A frosty reception

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A frosty reception
6th June, 2018

Seasonal Gardening Tips by Steve Fleischmann

Living and growing in the Blue Mountains means dealing with frost. Frost forms when the ground temperature drops below zero degrees and moisture in the air freezes and settles. Frost mostly occurs in open gardens with exposed surfaces because frost tends to “fall” and can be blocked by tree canopies and verandas.

This is important to understand because one measure for frost protection is to employ a variety of covers that can be draped over plants to protect them. There are a number of products available online or in garden centres under names such as “frost cloth” or “horticultural fleece”. Draped over garden beds, and held in place by rocks or pegs, they act as a barrier to frost yet allow water to pass through.

Corn salad, or Mache, is a great winter leafy green

Another way of dealing with frost concerns a mixture of timing, variety selection, and healthy soils. Many plants cope quite well with frost as long as they are reasonably mature and healthy. Planting Brassicas such as broccoli, cauliflower, cabbages (White, Red and Chinese) and kales early – I start my first sowings around Christmas, and my last around March/April – means that by the time the frosts come the plant is mature and has the ability to cope with being frozen. In fact, many of the Brassicas taste better after several frosts because it increases their sugar content.

I mention this because it seems to be a common understanding to plant this family in autumn and winter. Personally, I find this much too late, plantings I make at this time tend to bolt to seed in spring – not much good if you want to eat fresh veg during winter.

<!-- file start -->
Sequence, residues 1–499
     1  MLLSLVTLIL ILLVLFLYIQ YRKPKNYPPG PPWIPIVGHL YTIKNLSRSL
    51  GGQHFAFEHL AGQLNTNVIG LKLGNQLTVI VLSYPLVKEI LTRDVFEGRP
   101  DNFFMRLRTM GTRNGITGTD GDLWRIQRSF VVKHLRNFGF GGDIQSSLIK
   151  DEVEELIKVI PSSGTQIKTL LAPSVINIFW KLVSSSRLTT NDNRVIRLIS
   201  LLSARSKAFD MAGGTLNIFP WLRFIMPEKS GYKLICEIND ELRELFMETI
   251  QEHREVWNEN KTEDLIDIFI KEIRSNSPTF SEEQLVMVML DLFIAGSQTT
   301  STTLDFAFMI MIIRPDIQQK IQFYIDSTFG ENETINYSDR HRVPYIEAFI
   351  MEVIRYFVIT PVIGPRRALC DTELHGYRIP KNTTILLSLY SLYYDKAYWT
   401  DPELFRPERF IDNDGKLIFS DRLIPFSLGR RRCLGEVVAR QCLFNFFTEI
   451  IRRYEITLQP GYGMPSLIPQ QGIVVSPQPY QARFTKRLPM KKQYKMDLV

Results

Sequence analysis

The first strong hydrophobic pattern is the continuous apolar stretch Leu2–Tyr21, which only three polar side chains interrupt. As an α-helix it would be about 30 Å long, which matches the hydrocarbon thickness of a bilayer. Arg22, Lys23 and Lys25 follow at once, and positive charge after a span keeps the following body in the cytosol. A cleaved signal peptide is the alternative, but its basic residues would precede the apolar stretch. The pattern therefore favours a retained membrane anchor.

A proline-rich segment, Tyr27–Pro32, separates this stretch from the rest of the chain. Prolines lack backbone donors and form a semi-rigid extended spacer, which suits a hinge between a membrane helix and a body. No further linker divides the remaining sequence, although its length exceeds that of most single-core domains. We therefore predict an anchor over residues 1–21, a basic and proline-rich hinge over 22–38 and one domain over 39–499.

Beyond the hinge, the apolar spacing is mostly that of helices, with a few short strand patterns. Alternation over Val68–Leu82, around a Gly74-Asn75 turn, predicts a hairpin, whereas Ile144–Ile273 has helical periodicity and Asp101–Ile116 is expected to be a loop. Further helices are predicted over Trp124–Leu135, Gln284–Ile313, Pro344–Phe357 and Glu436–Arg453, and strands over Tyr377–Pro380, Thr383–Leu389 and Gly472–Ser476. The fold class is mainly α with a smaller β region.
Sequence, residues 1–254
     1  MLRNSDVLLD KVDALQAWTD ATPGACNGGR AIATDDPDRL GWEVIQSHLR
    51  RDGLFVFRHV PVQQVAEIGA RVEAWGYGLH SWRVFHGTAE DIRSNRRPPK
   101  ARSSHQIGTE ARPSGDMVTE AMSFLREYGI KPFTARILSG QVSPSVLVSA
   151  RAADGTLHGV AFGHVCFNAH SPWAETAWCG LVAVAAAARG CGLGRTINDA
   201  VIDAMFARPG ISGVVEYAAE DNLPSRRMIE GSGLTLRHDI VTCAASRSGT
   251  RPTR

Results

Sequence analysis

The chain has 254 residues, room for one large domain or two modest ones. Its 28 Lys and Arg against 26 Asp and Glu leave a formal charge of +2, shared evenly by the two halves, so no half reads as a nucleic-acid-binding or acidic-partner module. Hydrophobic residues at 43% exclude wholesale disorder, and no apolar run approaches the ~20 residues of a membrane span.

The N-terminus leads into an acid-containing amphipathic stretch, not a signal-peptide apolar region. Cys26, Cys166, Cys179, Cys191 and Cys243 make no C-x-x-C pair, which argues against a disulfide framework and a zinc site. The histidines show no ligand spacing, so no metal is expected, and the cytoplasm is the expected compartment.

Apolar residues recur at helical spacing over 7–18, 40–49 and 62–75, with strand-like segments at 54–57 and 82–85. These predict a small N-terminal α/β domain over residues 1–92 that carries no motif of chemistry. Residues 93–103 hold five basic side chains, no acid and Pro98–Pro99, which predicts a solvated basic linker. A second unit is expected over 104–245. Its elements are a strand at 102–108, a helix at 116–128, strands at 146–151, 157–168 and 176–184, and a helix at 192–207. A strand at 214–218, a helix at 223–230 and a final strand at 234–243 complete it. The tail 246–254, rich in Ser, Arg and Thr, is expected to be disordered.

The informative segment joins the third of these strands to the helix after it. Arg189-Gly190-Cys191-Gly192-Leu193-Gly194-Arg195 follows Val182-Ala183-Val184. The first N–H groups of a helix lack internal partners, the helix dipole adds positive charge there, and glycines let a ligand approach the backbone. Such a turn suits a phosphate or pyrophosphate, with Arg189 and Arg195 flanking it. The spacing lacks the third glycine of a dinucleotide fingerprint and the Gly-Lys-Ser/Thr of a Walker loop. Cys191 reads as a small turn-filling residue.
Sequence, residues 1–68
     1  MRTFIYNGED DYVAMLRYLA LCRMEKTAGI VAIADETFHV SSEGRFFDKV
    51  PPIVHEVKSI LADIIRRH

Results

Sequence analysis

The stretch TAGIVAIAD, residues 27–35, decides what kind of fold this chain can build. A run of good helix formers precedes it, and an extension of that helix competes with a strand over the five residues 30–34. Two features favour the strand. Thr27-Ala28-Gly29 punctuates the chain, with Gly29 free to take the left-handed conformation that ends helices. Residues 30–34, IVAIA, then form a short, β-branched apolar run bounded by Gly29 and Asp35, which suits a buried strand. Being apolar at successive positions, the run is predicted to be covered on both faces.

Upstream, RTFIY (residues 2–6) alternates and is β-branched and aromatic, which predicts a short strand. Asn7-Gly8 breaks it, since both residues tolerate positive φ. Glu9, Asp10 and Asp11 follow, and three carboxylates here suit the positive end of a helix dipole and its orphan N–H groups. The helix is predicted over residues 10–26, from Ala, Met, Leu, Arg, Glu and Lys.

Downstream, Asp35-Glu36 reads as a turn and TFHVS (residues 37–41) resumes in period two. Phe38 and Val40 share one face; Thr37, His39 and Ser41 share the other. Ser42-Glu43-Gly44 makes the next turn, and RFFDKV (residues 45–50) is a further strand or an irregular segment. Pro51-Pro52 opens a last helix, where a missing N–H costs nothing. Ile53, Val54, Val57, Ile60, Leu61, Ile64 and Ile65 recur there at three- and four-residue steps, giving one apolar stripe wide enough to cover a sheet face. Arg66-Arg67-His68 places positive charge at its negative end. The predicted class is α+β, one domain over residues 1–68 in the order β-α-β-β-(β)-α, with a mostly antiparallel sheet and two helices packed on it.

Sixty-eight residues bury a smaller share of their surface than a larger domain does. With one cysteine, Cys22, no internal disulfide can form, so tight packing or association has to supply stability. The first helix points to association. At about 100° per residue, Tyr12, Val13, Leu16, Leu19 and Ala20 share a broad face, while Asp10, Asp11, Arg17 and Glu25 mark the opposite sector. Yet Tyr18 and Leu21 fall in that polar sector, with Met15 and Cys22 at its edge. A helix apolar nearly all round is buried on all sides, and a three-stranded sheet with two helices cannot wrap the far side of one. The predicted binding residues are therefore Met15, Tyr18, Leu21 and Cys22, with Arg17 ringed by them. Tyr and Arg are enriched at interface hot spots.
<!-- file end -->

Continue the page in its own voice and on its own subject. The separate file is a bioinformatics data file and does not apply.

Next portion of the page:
Many lettuces actually prefer the cooler weather and, surprisingly, come back to life after they thaw out. I have found ‘Wonder of Four Seasons’ and ‘Speckled Trout’ lettuces grow well in winter, but there are dozens of others just as good. By picking off outer leaves you can also reduce incidence of slug attack by removing habitat.

Many varieties of lettuce cope really well with Blue Mountains winters

Additionally, most radishes are winter hardy and cope very well with the hardest of frosts. Every year I plant lots of daikon throughout autumn for harvest in winter and they are used in pickles and soups, the leaves of radishes are edible too.

Chinese cabbage, daikon and coriander planted throughout autumn

My favourite winter green would have to be Mache or corn salad. A European leafy green that looks like a miniature lettuce but has a lovely nutty taste and loves the cold weather, In fact it only really grows once the overall temperature drops and will bolt to seed once spring and warmer weather arrive. Plant a lot of them because you harvest them whole and you will need several florets for a decent mid-winter salad.

Using compost generously when planting winter crops not only benefits the plants ability to grow healthily, it has the added benefit of providing some warmth through bacterial decomposition.

Resources

The New Organic Grower & Four-Season Harvest by Eliot Coleman

Did you know?

Frost can actually help organic gardeners by killing overwintering pests and diseases.

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